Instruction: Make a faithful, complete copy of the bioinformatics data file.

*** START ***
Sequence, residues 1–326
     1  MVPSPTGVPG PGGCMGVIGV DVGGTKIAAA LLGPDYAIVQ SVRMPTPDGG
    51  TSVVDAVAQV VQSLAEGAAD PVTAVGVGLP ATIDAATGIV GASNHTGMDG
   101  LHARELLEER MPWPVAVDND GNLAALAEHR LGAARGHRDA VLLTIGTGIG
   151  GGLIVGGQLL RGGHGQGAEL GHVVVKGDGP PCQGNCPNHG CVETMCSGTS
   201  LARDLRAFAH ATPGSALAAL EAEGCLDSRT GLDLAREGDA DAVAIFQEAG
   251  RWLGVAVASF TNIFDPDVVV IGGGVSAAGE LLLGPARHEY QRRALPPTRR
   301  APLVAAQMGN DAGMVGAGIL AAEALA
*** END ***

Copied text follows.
Sequence, residues 1–326
     1  MVPSPTGVPG PGGCMGVIGV DVGGTKIAAA LLGPDYAIVQ SVRMPTPDGG
    51  TSVVDAVAQV VQSLAEGAAD PVTAVGVGLP ATIDAATGIV GASNHTGMDG
   101  LHARELLEER MPWPVAVDND GNLAALAEHR LGAARGHRDA VLLTIGTGIG
   151  GGLIVGGQLL RGGHGQGAEL GHVVVKGDGP PCQGNCPNHG CVETMCSGTS
   201  LARDLRAFAH ATPGSALAAL EAEGCLDSRT GLDLAREGDA DAVAIFQEAG
   251  RWLGVAVASF TNIFDPDVVV IGGGVSAAGE LLLGPARHEY QRRALPPTRR
   301  APLVAAQMGN DAGMVGAGIL AAEALA